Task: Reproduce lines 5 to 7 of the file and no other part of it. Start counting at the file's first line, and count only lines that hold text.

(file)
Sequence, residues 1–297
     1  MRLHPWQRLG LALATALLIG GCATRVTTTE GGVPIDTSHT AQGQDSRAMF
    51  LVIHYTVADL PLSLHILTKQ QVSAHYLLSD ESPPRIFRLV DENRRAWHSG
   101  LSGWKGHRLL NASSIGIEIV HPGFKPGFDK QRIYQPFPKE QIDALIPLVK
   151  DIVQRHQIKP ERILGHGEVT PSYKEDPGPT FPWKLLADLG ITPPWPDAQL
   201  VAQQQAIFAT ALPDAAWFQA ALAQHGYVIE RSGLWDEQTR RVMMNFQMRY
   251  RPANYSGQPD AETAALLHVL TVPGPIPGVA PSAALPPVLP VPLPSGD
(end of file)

   151  DIVQRHQIKP ERILGHGEVT PSYKEDPGPT FPWKLLADLG ITPPWPDAQL
   201  VAQQQAIFAT ALPDAAWFQA ALAQHGYVIE RSGLWDEQTR RVMMNFQMRY
   251  RPANYSGQPD AETAALLHVL TVPGPIPGVA PSAALPPVLP VPLPSGD